Jessica Knox finished medical school feeling jaded by the medical system and wanted a different way to practice medicine. So instead of following most of her peers into the hospital, she joined a telehealth startup.
Knox, who serves as the medical director at Nurx, a telehealth company that focuses on getting women “safe and timely access to birth control,” told MIT Technology Review she was interested in finding a medical career where she could have more control. She spends her day messaging with patients online and sees an opportunity for telehealth to ease some of the existing pressure on the healthcare industry by taking on more basic care needs and allowing clinics to address patients with acute illnesses.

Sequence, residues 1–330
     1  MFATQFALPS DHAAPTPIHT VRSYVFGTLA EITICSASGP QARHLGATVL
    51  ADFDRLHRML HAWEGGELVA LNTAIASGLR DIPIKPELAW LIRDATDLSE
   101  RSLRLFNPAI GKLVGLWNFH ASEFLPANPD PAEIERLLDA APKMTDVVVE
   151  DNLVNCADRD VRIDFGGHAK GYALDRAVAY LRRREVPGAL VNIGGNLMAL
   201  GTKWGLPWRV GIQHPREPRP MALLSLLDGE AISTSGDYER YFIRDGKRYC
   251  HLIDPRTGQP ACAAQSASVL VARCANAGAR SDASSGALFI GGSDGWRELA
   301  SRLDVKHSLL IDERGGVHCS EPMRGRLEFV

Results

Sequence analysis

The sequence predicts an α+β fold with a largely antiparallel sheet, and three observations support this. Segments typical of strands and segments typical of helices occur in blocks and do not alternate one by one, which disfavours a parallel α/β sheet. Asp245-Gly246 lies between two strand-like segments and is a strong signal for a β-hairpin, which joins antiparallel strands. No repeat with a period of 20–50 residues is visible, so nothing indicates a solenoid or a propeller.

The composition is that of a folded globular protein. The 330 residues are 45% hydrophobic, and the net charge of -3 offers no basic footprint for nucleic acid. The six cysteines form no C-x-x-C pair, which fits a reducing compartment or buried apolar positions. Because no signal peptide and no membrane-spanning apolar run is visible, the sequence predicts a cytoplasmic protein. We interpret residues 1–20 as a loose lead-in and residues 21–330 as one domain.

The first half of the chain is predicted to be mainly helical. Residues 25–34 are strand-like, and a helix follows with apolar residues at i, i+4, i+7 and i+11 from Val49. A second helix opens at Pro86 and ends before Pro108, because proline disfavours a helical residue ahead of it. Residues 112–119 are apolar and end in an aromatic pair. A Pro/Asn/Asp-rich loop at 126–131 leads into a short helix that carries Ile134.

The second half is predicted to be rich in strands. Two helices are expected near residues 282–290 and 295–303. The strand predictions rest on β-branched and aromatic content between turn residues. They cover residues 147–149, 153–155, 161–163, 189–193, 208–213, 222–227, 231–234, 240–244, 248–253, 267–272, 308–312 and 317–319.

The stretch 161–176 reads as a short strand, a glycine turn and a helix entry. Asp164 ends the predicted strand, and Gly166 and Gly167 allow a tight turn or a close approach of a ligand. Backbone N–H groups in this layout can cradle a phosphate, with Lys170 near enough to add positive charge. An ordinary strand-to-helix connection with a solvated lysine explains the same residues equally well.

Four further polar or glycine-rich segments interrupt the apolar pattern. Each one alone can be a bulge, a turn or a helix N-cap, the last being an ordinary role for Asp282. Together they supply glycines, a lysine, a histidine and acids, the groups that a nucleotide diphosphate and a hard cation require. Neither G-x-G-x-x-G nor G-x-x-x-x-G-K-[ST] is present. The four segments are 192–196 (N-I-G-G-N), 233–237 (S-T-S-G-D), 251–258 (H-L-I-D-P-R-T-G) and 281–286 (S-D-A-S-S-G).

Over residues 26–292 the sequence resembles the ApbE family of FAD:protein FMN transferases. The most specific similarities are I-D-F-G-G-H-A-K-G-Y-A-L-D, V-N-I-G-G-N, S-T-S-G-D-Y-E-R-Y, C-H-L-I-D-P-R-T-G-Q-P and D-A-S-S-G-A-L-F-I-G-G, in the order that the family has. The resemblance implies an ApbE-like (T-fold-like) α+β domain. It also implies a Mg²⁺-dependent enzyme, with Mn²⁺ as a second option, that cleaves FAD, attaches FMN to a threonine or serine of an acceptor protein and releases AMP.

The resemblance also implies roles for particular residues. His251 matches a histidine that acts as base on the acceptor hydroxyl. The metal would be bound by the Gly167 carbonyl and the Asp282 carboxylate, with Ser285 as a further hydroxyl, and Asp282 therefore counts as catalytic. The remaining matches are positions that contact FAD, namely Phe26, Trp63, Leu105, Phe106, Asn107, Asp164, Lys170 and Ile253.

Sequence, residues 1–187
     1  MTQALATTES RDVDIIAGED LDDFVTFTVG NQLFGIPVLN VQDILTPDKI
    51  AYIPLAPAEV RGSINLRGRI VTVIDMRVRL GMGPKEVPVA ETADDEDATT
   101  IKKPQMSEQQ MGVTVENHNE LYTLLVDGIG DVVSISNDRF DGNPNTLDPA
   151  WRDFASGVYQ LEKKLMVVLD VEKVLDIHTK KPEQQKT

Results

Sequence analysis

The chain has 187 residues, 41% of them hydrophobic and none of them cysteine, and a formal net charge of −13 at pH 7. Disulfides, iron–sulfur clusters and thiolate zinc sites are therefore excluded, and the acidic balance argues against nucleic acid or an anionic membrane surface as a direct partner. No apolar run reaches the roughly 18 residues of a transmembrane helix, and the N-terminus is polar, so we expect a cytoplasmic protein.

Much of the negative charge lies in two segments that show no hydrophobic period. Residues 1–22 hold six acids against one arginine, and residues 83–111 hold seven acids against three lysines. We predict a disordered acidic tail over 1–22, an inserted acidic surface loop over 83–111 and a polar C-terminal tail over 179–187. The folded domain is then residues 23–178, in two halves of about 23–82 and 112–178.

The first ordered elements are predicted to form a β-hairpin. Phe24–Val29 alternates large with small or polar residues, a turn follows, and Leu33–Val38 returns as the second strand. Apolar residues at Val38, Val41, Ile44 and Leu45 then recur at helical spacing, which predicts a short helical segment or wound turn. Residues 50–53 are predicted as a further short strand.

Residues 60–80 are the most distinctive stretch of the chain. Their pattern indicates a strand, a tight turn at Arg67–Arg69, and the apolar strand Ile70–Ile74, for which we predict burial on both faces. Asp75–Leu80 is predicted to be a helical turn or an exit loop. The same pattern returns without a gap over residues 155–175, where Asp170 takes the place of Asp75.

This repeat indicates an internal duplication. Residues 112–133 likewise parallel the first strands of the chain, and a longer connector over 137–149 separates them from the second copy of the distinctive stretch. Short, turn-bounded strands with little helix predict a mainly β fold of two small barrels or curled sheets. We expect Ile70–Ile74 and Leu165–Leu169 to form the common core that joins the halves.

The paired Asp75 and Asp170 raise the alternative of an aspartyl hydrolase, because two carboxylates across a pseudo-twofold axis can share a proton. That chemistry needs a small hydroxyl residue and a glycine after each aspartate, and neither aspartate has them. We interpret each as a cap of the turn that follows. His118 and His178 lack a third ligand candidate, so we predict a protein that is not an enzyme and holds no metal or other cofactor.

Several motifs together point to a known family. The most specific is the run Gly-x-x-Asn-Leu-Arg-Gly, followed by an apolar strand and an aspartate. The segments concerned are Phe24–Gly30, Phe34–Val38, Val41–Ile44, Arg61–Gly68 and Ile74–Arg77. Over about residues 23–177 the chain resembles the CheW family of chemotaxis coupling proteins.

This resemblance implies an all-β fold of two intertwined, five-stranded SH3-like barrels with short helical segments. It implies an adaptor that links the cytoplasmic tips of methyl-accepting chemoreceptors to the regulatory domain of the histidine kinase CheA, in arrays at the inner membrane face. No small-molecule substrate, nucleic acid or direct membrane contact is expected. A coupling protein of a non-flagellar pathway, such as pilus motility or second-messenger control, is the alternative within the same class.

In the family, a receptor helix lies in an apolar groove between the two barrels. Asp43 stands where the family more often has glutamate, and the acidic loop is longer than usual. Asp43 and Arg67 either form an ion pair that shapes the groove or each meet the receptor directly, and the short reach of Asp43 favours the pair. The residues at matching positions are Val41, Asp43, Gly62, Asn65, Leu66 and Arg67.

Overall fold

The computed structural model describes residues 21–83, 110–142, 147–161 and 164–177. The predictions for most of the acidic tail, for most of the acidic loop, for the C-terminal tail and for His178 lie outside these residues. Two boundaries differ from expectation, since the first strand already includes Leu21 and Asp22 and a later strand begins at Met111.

The vast majority of hospital executives have indicated they are willing to invest in telehealth technology, and tech companies are seeing plenty of opportunities to innovate in this space. Payment and reimbursement remain a critical barrier for the industry at large.
But, she adds, the traditional system is still coming to terms with the role that telehealth could play in augmenting patient care.
“When I was coming through medical school and residency, we weren’t trained in telemedicine or how to handle patients via text or via messaging,” she told MIT Technology Review. “I think a lot of doctors at first are kind of like, ‘Whoa, what are you doing?’ and then when they actually start talking to you about it and thinking about it, they start to see that it makes sense.”
Earlier this month a group of six senators reintroduced the Creating Opportunities Now for Necessary and Effective Care Technologies (CONNECT) for Health Act of 2017, that would expand access to telehealth for Medicare patients and potentially save the government as much as $1.8 billion.